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Kayla Cash

Kayla Cash
OneStaff Medical
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Question 1:
In a large metropolitan area, Nurse Floating Flo contracts to float between three hospitals within a 10 mile radius of her housing. Starting in the 6th week, the company ask her to float to a hospital 15 miles away, the 7th week she goes to one on the other side of the city, that is 30 miles away, plus one that is 17 miles away. The nurse is willing to take the first few, but after the behavior continues, she has had enough and voices this to her recruiter.
Answer 1:

I'm always going to advocate for the nurses I work with. If the agreement was to go 10 miles that's what it should be and I would go to bat for her. I would contact the hospital and ask about the recent changes and work with them to resolve the issue.

Question 2:
Baby Nurse Betty is a skilled labor and delivery nurse, who also can float to post-pardum care after the delivery as well as the well-newborn nursery. At 7:30pm, the staffing company hotline gets a call stating that they want her to float to the NICU, which is beyond her competency level. What is your company’s response?
Answer 2:

I would never advise a nurse to float outside of their competency level (unless the willingness to train is there from the facility and the nurse agrees to it) anything else is putting them at risk.

Question 3:
Nurse Roach is all excited about her first travel nursing assignment. She drives 750 miles to her new assignment housing. After getting the keys from management, she opens the door and three cockroaches scurry across the floor. After further investigation, she also finds a ring of mold in the shower. She can’t stand it and immediately texts you with pictures. How do you respond?
Answer 3:

Get her out of their ASAP!!! Then find her new housing right away.

Question 4:
You have worked with Nurse Asthmatic for 3 years now and she has done a great job for you, when she takes an assignment in Southeast Colorado. She envisions magic mountains that reach to the sky, only to find that she has landed in wheat country. Not wanting to cause problems she continues to work and everything is fine, until harvest. She has an asthma attack, ends up in the hospital, and is told that she is going to miss at least 2 weeks of work related to asthma induced pneumonia. How do you work things out?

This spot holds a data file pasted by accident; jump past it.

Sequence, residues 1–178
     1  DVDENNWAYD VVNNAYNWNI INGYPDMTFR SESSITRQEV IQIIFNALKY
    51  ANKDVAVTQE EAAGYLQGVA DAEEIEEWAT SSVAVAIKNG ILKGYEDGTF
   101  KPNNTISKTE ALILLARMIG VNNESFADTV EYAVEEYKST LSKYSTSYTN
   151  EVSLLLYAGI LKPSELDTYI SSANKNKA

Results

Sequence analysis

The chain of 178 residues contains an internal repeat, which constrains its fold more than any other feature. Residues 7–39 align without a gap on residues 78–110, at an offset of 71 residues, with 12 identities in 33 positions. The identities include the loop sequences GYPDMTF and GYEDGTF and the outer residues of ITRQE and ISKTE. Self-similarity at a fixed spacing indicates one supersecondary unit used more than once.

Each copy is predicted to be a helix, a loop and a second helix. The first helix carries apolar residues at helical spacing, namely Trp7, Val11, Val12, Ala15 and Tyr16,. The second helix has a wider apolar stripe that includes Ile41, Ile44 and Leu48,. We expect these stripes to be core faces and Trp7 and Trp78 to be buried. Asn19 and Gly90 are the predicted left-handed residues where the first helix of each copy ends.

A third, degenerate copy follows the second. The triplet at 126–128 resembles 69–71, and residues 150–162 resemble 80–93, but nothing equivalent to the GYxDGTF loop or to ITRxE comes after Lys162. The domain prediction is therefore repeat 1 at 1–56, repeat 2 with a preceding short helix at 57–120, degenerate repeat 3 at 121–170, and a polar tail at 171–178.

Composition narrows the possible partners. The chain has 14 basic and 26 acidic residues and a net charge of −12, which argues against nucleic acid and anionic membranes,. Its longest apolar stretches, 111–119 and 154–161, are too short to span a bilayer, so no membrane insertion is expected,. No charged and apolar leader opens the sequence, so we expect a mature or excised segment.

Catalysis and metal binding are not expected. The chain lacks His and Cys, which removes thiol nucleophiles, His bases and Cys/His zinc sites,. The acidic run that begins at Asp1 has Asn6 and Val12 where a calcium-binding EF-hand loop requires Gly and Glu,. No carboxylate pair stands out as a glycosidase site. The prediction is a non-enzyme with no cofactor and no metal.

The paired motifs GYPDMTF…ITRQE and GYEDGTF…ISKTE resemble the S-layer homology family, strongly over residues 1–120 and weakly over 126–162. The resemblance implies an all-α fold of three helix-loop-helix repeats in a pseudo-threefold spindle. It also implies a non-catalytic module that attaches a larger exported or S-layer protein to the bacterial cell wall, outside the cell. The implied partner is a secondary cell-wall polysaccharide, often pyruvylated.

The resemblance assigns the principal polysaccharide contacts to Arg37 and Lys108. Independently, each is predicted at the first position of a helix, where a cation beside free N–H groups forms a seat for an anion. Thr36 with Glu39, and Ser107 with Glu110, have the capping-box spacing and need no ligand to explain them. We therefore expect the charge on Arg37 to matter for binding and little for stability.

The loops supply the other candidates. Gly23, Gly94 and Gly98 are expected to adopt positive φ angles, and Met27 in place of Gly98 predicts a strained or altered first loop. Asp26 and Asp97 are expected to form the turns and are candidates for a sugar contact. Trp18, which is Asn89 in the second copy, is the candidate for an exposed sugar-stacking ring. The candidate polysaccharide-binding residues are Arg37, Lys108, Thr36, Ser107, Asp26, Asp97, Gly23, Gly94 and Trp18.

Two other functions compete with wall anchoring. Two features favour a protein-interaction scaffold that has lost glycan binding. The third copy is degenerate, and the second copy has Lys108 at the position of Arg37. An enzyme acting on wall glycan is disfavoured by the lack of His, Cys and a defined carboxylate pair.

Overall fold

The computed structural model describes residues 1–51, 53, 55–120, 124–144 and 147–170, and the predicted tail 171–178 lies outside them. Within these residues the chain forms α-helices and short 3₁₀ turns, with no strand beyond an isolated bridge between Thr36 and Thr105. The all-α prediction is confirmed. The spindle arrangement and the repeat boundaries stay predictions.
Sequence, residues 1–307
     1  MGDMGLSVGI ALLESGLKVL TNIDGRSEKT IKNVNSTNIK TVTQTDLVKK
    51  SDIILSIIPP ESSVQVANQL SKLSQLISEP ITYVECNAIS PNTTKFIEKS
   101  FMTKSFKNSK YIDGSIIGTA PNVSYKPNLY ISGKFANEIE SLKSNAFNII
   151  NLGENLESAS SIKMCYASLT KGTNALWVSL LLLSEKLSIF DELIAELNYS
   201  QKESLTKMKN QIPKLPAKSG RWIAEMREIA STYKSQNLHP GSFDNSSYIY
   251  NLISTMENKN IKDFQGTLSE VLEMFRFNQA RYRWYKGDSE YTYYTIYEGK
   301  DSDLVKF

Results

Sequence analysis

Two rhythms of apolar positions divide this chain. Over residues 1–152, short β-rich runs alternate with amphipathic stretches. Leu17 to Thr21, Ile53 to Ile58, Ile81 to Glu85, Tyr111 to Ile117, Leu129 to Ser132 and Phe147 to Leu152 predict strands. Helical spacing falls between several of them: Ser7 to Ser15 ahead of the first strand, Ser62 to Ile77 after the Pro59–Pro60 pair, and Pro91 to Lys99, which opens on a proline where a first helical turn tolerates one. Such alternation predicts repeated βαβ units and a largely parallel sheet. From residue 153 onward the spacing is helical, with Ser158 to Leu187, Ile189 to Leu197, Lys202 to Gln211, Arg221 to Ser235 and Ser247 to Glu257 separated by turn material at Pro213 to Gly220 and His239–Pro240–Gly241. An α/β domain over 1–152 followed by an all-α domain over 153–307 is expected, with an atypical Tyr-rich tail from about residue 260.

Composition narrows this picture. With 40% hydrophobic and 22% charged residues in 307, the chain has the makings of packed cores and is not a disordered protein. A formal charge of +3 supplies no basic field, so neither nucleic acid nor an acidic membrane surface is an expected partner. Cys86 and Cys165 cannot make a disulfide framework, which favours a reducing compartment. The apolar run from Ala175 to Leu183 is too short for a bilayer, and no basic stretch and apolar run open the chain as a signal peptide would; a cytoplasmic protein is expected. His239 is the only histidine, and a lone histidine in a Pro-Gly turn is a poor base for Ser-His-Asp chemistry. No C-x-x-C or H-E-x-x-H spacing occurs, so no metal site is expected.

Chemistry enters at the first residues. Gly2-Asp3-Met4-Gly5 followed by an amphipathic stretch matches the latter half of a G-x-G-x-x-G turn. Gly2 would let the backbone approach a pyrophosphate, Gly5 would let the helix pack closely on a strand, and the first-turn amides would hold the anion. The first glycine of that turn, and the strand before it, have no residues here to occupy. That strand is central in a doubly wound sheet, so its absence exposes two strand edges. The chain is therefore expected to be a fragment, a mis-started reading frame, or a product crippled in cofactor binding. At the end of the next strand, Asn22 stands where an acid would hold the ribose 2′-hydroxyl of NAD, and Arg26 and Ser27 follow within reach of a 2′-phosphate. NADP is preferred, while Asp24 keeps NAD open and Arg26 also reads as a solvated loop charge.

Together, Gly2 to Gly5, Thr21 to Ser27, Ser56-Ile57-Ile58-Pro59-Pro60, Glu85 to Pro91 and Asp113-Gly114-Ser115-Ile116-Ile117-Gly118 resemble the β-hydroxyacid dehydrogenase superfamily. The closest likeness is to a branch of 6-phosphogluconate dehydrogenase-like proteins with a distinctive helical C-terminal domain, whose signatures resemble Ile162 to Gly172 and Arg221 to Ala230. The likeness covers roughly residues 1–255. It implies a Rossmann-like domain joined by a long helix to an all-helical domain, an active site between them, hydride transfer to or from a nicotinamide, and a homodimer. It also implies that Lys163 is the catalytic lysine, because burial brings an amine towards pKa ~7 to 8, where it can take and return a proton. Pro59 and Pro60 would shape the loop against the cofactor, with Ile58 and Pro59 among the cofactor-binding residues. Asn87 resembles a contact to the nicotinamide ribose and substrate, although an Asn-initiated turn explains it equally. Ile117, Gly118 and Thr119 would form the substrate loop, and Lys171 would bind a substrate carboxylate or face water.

Answer 4:

I'm pretty through with the nurses I work with to insure I'm helping them achieve their goals of travel. If she was looking for a mountainous view I would have warned her that she wouldn't be getting that in SE Colorado and that the job she was looking at was in the middle of a bunch of farms which would have hopefully prevented this whole debacle. However, in the spirit of playing along - I would put the nurses safety first and let the hospital know what was going on to work at getting them to release her from the contract so she can recover and find the mountainous view she was looking for in the first place.

Question 5:
You have worked hard to find Nurse Roulette a job in Las Vegas. You send the nurse a contract that she readily accepts, signs, and sends back. The next morning the bags are packed and Nurse Roulette is on the way to the assignment of her dreams. At 0800 she is out the door and to the hospital. Checking in with HR, they inform her that there is no contract between the hospital and the company, related to the fact that it has not been approved by HR. About the same time, the recruiting manager comes to you and tells you not to send Nurse Roulette on the assignment. This shouldn’t have happened, but unfortunately it does happen. What do you do?
Answer 5:

Ugh, this is every nurse and recruiters nightmare. In this case all you can do is be honest and communicate the whole way through. I would fight like heck and do everything I could to still make the assignment of her dreams happen while working on a backup plan in the meantime to insure not to leave her without a job. Obviously we want plan A to workout , but we always want to have a plan B, C, D in progress in situations like this for backup.

Question 6:
What would you like travel nurses to know about being a great traveling nurse and making your job easier?
Answer 6:

Communication is KEY and fully a two way street. A good tip I've realized has helped out travelers and future travelers over the years is to start getting your resume, references, certs and immunization records ready to go and keeping them on file to pull up at any point. When the assignment of your dreams comes up we don't want to be late to the game and miss out on that opportunity! This both makes the process easier on both of us and gives us a much better chance of getting the application to that dream job quickly which gives us a better shot!

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